The association analysis of GWAS and candidate gene loci belonging to dopaminergic system genes, in the current psychiatric cohort of the Pakistani population revealed a significant association for CACNA1c polymorphisms (rs1006737, rs2238056), DRD1-rs4532 DRD2-rs1799732, DRD4-120bp, and DRD5-rs10033951. Among CACNA1c polymorphisms, rs1006737 was associated with a higher risk in both MDD and BD, while, rs2238056 was found to be associated with BD susceptibility only. However, the association did not survive for rs1006737 in MDD when the P-value was adjusted for age and sex, suggesting the possible impact of these demographic variables in this association with MDD, while the results remained significant in BD.
Similar to the current findings previously reported studies by He et al, (2014) in Chinese Han and Green et al, (2010) in the British populations, reported the rs1006737 association with MDD (Green et al., 2010; He et al., 2014), and in the European-British population, the association of both the polymorphisms; rs1006737, rs2238056 were reported with BD (Ferreira et al., 2008; Gershon et al., 2014; Green et al., 2010; Starnawska et al., 2016). However, studies conducted on Americans(Frazier et al., 2014), Germans(Kloiber et al., 2012), Europeans (Cross-Disorder Group of the Psychiatric Genomics, 2013) and Swedish population (Lavebratt et al., 2010) found contrasting results for rs1006737 association with MDD and in Southern Taiwanese population with BD (Jan et al., 2014). Whereas, a study of SHZ by Nie et al, (2015), reported the association of rs1006737 in European and Asian populations (Nie et al., 2015), while, the present study failed to establish a significant association of CACNA1c polymorphisms in SHZ, which points to the inconsistent association results of CACNA1c polymorphism in different populations and ethnicities.
CACNA1c is a calcium channel gene that encodes the alpha subunit (α1C) of the L-type voltage-gated calcium channel (LTCC). The function of the alpha subunit is to determine the kinetics, conductance, voltage dependence and pharmacology of the LTCC (Heyes et al., 2015). LTCC is involved in various aspects of neuronal development, signalling, and also in the establishment of maintenance of connectivity during and after neuronal development (Spitzer, 2006). The role of CACNA1c polymorphisms as a pathophysiological factor in the progression of psychiatric disorders has been reported by Yoshimizu et al, (2015) and Starnawska et al, (2016) in clinical and functional studies (Starnawska et al., 2016; Yoshimizu et al., 2015). Both polymorphisms (rs1006737 and rs2238056), are located in intron 3 of CACNA1c, which has important gene expression-regulatory functions, through interaction with the transcription start site. This intron also carries CpG islands which underwent a DNA methylation shift due to hypermethylation in the presence of rs2238056 (C > T), (Starnawska et al., 2016). This explains the impact of the polymorphisms (rs1006737 and rs2238056), and the role of intron 3 in the expression of CACNA1c, by regulating the 3D genomic architect associated with the chromosomal looping, in the presence of risk alleles of rs1006737 (A) and rs2238056 (T), (Starnawska et al., 2016). Thus the altered LTCC are unable to regulate the calcium influx and efflux which are important steps in neurotransmission, as calcium ions are also needed for the fusion of neurotransmitter vesicles to release neurotransmitters (dopamine, acetylcholine etc.) in the synaptic cleft (Imbrici et al., 2013), suggesting the contribution of CACNA1c polymorphisms in the genetic aetiology of psychiatric conditions by altering the functional activity of LTCC in different brain circuits and CACNA1c expression.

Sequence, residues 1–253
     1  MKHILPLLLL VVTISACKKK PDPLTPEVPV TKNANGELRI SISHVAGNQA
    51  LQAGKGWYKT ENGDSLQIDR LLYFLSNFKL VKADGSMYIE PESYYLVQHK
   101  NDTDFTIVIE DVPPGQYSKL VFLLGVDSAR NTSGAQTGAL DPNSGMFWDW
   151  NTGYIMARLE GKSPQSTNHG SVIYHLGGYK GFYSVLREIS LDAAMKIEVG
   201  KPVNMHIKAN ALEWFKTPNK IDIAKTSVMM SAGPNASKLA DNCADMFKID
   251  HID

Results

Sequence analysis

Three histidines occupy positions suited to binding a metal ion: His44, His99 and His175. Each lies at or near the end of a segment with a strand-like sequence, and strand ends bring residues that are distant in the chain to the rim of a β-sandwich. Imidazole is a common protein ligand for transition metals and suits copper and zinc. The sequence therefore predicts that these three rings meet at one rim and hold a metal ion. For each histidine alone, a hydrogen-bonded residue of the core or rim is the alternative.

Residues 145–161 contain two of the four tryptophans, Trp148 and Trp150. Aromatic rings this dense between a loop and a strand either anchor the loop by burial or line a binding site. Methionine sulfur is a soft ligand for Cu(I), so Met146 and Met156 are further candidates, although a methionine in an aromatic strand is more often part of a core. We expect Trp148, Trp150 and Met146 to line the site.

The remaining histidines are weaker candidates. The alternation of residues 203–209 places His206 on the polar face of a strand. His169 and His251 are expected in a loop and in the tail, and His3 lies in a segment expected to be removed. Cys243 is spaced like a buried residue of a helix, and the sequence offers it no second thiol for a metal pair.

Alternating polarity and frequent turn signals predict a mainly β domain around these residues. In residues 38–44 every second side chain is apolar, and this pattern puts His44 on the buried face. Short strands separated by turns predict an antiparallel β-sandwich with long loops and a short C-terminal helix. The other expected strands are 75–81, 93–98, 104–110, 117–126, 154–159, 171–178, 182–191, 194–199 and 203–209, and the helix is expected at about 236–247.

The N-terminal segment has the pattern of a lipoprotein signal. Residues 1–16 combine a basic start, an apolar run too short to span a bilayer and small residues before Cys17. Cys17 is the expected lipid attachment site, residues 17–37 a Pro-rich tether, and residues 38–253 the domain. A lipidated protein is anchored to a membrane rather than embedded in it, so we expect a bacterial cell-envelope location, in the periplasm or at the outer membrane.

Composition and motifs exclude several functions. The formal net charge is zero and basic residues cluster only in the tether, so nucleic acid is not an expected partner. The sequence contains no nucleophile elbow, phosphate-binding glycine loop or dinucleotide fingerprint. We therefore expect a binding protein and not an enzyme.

DRD1 is an extensively studied gene, yet very few reported association studies are available regarding rs4532, which is located on the 5′ UTR (untranslated region) (Pan et al., 2014). This locus has been reported to be associated with the therapeutic response to antipsychotics (Potkin et al., 2003), the positive symptoms of SHZ (psychotic symptoms), and with the prefrontal cortex (PFC), related cognitive functions (Rybakowski et al., 2005; Williams & Castner, 2006). In the initial analysis, DRD1-rs4532 and DRD2-rs1799732 were found to be associated with the risk of MDD in the current cohort, however, the association did not survive for any of these SNPs in MDD, after applying multiple test corrections. The reported association studies in different populations have reported contrasting results to our current findings. A study in the Estonian population has reported no association of rs4532 with MDD (Koks et al., 2006), while, a study of the Sardinian population, reported a significant association of rs4532 with BD (Severino et al., 2005). Whereas in SHZ, the role of rs4532 is still controversial and its role in the manifestation of SHZ is yet to be established in different populations, however, a meta-analysis study conducted in 2014, reported no association of rs4532 in SHZ (Pan et al., 2014), which supports the current findings in SHZ of the present study.